Childhood Obesity: Promote Health, Prevent Problems
How many times did you hear it growing up? “Comete todo.” Eat everything on your plate. Latinos have a hard time allowing children to leave the table without clearing their plate. And more, they feel that if their children are skinny, they’re unhealthy. Plump is healthy, in the eyes of many but at what point does it get to be too much?
According to the Center for Disease Control and Prevention, approximately 17 percent of children in the United States are obese, which calculates to 12.5 million children between 2-19 years of age. When it comes to obesity among low-income, pre-school children, about one-third of them are either overweight or obese before the age of 5.
Latino children from the ages of 2-4 have the second highest rate of obesity with 17.9 percent, after American Indian and Alaskan Native with 20.7 percent.
What are the cultural influences?
The majority of Latinos who emigrate to the United States are poor in their home countries and leave for a better life. The opportunity to have a vast array of food is seen as plentiful but at the same time, not the healthiest choices. Eating fast food, or food that isn’t necessarily healthy in the grocery store, becomes cultural and ingrained within Latino households and lifestyles. At the same time, food is cooked in the same manner as it was “back home” yet the choices for food in the U.S. aren’t the healthiest, filled with more preservatives and added chemicals that can cause additional weight gain.
While Latino the high-carbohydrate, fried-food diet may be the cause of childhood obesity, additional reasons lie in sedentary lifestyle because of where families live. Typically, lower-income neighborhoods where obesity is a problem, there is less access to healthy food options and less opportunity for physical activity. Between 2007-2009, Latino boys ages 2-19 had a higher rate of obesity than white boys and girls of the same age. This could be due to societal issues where boys are targets for violence, bullying and gang recruitment. Ultimately, it is safer to stay inside.
Side affects and problems due to childhood obesity
If children are not properly taken care of, there are various side affects and diseases that will result.
Obese youth are more likely be at risk for cardiovascular disease, such as high blood pressure or high cholesterol.
Obese adolescents are at risk for prediabetes, a stage before diabetes where glucose levels are above normal.
Children and adolescents who are overweight or obese are more likely to have joint and bone problems, suffer from sleep apnea and have social and psychological problems like low self-esteem.
Obese children are also more likely to be obese as adults and become more likely to be at risk for cardiovascular disease, such as stroke and heart attack as well as Type 2 diabetes and osteoarthritis.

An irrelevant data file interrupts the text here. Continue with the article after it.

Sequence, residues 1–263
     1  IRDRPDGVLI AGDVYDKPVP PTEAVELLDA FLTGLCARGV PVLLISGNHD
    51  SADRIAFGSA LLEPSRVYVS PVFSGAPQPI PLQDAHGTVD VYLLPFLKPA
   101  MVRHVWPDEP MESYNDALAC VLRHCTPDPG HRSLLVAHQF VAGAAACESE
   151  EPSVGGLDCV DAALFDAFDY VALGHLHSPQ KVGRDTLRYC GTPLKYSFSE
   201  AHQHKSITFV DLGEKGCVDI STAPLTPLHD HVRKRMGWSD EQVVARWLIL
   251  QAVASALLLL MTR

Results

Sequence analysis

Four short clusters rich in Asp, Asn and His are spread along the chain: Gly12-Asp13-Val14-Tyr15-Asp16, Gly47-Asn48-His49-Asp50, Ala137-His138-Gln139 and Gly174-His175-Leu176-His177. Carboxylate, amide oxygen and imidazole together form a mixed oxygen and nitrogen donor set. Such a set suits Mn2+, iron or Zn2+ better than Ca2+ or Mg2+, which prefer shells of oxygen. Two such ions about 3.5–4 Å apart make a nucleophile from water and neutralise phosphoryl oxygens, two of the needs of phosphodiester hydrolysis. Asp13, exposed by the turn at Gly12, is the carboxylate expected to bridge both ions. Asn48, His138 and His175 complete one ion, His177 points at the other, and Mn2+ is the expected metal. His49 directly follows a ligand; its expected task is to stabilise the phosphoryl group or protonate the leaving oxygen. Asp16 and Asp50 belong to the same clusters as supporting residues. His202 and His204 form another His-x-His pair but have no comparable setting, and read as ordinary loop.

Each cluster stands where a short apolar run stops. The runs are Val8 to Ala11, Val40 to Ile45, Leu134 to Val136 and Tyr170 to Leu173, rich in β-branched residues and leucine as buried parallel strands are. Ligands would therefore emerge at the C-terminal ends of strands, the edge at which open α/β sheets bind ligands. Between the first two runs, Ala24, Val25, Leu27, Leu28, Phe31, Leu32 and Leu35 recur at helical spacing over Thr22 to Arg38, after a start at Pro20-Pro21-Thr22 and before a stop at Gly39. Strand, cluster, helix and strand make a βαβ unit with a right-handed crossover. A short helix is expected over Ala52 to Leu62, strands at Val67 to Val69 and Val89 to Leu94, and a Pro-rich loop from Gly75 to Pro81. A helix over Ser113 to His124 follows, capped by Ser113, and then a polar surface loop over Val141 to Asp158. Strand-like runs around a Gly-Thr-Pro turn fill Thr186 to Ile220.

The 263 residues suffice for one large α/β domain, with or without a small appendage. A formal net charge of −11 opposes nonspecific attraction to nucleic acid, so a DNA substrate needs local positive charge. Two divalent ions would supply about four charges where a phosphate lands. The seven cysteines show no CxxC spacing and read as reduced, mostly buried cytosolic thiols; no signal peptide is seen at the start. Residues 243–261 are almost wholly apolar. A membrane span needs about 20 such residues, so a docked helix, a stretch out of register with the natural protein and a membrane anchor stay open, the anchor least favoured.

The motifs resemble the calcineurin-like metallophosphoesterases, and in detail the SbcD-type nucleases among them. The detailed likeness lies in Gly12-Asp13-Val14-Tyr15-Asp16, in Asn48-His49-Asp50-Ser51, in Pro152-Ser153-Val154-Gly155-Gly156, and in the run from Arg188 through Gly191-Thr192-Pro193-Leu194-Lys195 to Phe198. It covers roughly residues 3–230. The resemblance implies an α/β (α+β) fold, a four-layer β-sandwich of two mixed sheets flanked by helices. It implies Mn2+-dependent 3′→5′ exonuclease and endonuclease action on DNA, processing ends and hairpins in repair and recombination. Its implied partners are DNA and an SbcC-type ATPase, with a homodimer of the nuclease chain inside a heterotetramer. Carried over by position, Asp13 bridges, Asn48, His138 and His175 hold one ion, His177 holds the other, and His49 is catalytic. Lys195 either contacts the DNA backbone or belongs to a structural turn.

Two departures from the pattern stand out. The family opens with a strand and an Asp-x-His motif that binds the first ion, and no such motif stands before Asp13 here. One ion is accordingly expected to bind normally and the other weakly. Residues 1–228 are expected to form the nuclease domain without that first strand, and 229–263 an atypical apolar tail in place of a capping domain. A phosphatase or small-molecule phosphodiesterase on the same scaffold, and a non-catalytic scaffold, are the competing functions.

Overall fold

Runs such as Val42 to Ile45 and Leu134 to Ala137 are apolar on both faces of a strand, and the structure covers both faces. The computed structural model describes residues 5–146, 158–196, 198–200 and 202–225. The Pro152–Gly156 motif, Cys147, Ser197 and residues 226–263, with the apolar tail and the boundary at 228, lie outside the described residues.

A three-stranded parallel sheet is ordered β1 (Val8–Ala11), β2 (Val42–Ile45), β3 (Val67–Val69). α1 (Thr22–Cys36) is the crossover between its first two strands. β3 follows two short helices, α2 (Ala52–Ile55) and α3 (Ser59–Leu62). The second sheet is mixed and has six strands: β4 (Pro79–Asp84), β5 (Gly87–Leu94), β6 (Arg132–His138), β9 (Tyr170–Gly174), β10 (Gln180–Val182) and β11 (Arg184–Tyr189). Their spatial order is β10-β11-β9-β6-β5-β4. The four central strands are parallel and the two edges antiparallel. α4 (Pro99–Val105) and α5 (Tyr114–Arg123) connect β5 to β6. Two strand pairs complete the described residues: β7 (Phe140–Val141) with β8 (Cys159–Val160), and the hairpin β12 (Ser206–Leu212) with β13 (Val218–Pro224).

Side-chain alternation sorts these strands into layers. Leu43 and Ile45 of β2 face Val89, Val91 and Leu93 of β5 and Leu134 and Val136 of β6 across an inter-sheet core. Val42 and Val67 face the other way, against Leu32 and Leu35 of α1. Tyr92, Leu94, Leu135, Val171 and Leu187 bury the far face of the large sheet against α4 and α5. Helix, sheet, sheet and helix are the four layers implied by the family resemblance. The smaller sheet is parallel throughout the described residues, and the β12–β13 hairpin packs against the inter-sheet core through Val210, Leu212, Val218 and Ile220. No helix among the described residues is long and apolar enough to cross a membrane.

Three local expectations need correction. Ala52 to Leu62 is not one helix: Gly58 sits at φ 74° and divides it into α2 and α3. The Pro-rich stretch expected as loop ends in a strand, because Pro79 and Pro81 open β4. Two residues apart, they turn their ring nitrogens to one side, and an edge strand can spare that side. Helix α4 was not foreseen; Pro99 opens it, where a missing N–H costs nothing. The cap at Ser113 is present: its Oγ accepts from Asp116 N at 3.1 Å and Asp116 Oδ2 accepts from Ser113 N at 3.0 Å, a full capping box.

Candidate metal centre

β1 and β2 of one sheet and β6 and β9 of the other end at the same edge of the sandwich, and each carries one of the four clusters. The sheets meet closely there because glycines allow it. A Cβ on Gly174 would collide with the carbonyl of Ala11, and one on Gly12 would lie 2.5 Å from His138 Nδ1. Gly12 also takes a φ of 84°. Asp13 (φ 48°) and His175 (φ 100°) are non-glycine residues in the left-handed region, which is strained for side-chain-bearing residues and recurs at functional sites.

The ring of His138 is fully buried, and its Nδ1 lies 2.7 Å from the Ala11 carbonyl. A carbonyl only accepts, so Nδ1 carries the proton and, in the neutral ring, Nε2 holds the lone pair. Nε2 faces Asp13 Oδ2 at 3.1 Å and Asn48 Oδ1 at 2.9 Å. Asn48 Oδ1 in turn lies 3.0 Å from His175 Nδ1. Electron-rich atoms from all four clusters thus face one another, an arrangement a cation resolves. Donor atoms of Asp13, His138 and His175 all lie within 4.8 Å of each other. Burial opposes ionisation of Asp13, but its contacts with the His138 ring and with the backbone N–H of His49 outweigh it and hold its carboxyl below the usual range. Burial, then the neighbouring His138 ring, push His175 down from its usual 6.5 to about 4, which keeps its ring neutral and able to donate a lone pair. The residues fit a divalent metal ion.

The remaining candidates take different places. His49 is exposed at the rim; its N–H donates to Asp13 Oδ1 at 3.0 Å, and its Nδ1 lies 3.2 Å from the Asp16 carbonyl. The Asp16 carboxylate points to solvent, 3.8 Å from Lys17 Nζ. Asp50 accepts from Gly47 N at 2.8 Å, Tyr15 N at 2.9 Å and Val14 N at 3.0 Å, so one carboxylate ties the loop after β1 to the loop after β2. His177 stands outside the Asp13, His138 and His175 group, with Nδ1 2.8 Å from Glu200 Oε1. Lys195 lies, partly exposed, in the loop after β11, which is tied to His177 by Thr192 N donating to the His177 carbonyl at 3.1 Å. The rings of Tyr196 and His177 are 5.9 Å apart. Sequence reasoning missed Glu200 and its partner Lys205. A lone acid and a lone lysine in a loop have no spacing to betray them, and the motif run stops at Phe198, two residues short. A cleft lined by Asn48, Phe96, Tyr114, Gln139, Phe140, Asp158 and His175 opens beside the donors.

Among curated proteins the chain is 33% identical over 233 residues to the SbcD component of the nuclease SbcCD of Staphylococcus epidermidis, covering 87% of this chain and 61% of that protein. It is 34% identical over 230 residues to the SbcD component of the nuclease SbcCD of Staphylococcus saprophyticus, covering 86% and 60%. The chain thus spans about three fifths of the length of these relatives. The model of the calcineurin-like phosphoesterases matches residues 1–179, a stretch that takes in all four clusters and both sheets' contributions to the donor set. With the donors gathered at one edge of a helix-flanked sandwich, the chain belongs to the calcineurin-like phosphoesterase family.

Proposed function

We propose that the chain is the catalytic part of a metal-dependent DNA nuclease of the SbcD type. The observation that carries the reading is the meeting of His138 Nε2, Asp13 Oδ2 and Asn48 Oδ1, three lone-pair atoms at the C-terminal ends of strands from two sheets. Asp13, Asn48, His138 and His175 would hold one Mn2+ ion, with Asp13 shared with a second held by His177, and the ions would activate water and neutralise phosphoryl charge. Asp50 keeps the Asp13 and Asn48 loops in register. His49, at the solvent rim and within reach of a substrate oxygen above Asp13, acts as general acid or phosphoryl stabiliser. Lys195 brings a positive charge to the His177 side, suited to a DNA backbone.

Overweight and obesity are associated with increased risk for many types of cancer, including cancer of the breast, colon, endometrium, esophagus, kidney, pancreas, gall bladder, thyroid, ovary, cervix, and prostate, as well as multiple myeloma and Hodgkin’s lymphoma.
What can parents do to help prevent childhood obesity?
Parents need to take into consideration the issues that their children may be at risk for dependent on what they are eating. Many of the tips that adults take into consideration for their own health should be applied to their children.
Easy tips to help with weight loss and improved health
Lay off the soda pop and sugary drinks. People have been known to lose 10 pounds or more if they are heavy soda drinkers. Cutting all the sugar out may help lose weight and get a start to kicking bad habits. This also includes drinks like Carpi Sun and juice boxes that are not 100 percent juice. Gatorade and Powerade or any other sports drinks should only be consumed after at least 30 minutes of exercise.
Drink more water. Water is known to help with losing weight and helping flush out waste from the body.
Eat more citrus fruits. Oranges, grapefruits, lemons and limes are citrus fruits that have been known to help with weight loss and cutting fat. Adding lemon or lime to water without sugar is a great way to start the day. Oranges make great snacks as do half of grapefruits.
If you play video games, play those that make you move. The Nintendo Wii, Xbox Kinect and now Playstation have dancing and athletic games.
When assigning children chores, add 15 jumping jacks to the list. It might be hard to start, but it will get easier as long as it’s implemented.
Add vegetables to every meal. Whether they are frozen or fresh vegetables, make sure that children are eating at least one type of vegetable at every meal. Do not add salt.
Fruits make great desserts. A quick fruit salad that’s kept in the refrigerator is great for after dinner or as a snack during the day.
Small changes and alterations to your daily life can make all the difference for you, your child and your child’s future.